There is certain to be some increase in migration in the runup and immediate aftermath of May 11. Though the deterrent effect was modest at best, Title 42 did bottle up many migrants along the multi-country route south of the U.S.-Mexico border, who were either expelled or prevented from attempting to cross.
“The United Nations recently estimated that there are approximately 660,000 migrants currently in Mexico, including over 200,000 Haitian and Venezuelan nationals, in addition to 287,000 internally displaced Mexican nationals,” CBP’s acting commissioner, Troy Miller, told House appropriators in mid-April. “Many of these individuals could attempt to enter the United States in the near term.”
Some of this number may now attempt to seek protection in the United States, turning themselves in to U.S. authorities. It is impossible to guess how many. Migrants lack clarity about the United States’ complicated asylum and migration rules; they know that the May 11 date is significant, but smugglers and word-of-mouth rumors misinform them.
Border crossings are already increasing, probably beyond what would be normal in May, which is always a peak month due to milder weather. Border Patrol is reporting over 8,700 migrant encounters per day right now. This is similar to the days before December 21, 2022, when Title 42 was last expected to end, when Border Patrol exceeded 9,000 encounters on at least 3 days.
The increase may be short-lived, however. Though it’s impossible to say with certainty, higher numbers around May 11 may owe more to a “clearing of a backlog” than a “new normal.” If the Biden administration uses other means (discussed below) to block pathways to protection at the border, something very similar to today’s expulsions will continue, and the situation could resemble the Title 42 period: high levels of migration but not a giant increase.
Until 2020 (when it dropped to 89 percent), over 90 percent of migrants apprehended at the U.S.-Mexico border were always from Mexico and northern Central America (El Salvador, Guatemala, and Honduras). By 2022, however, that share had dropped to 57 percent.
In fiscal 2020, the top four nationalities encountered at the border were Mexico, Guatemala, Honduras, and El Salvador. Over the first six months of fiscal 2023, Mexico is still first, but Guatemala has fallen from second to fifth, behind Cuba, Nicaragua, and Colombia. Honduras is sixth. El Salvador is 11th, behind Venezuela, Ecuador, Peru, and Haiti.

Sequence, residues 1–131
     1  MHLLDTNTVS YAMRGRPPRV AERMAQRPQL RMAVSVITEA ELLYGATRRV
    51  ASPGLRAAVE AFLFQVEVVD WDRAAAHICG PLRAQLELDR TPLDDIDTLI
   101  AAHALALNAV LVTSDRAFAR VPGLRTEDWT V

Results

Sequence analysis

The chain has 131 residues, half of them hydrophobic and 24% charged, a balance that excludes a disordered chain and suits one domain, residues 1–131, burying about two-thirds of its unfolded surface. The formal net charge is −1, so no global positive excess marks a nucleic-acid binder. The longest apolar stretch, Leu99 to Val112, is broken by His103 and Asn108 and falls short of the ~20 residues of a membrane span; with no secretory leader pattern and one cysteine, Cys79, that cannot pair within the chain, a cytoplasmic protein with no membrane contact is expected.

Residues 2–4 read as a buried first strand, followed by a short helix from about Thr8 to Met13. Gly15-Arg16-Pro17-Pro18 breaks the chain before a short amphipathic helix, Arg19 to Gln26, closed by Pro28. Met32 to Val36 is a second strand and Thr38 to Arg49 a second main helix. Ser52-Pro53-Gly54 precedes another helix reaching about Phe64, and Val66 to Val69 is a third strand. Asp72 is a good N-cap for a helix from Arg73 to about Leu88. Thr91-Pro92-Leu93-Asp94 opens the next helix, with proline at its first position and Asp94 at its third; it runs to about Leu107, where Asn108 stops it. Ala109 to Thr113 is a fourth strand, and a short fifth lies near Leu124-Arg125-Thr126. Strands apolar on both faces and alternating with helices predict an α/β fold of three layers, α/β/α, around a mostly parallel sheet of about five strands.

The reasons behind these shifts in nationalities are complex and overlapping. They include the pandemic’s economic fallout, insecurity (Latin America, with 9 percent of the world’s population, accounts for a third of the world’s homicides), climate change and natural disasters, political unrest and persecution, country-specific humanitarian crises (Cuba, Haiti, Venezuela), family reunification, and the increasing ability to travel through the once impassible Darién Gap.
With the “opening” of the Darién Gap route, migration from South America has increased sharply. Comparing the first six months of fiscal 2023 to the same period in fiscal 2021, migration from Colombia has increased by 18,030 percent (from 492 to 89,201 encounters), and migration from Peru has increased by 12,901 percent (from 356 to 46,284 encounters). Venezuela is up by 1,319 percent (4,307 to 61,129).
Migration from beyond the Americas also increased dramatically during the Title 42 period. Comparing the first six months of fiscal 2023 with the same period in fiscal 2021, encounters with migrants from Turkey are up 10,599 percent (85 to 9,094); Russia 7,729 percent (389 to 30,455); China 7,122 percent (92 to 6,644); and India 3,365 percent (502 to 17,392).
Only two countries whose citizens are subject to Title 42 expulsion into Mexico saw reductions during this same period: -24 percent from Honduras (99,455 to 75,824) and -13 percent from Guatemala (98,420 to 85,664).
The Biden administration intends to deny opportunities to seek asylum to some migrants who request it while on U.S. soil. Under a draft rule set to go into effect as early as this week, the U.S. government would refuse asylum processing to many migrants who (1) crossed between ports of entry, and (2) passed through other countries on their way to the U.S.-Mexico border without first seeking and being denied asylum in those countries.
We don’t yet know how aggressively and completely the U.S. and Mexican governments will implement the new “transit ban” rule. Preliminary reports indicate, for instance, that single adult migrants may be far more subject to it than those traveling as families. If carried out aggressively, though, it will result in returns of asylum seekers on a scale rivaled only by the Title 42 experience.
Under this “transit ban,” migrants who meet the above two criteria would face a “rebuttable presumption of asylum ineligibility.” Many asylum seekers, especially single adults, would be placed into “expedited removal” proceedings in which they would have to defend their asylum claims while still in CBP’s very austere custody conditions, in a phone call with an asylum officer.
The rule would partially shut down, to a historic and legally questionable extent, the right to seek asylum upon reaching U.S. soil, as laid out in Section 208 of the Immigration and Nationality Act and in the 1951 Refugee Convention.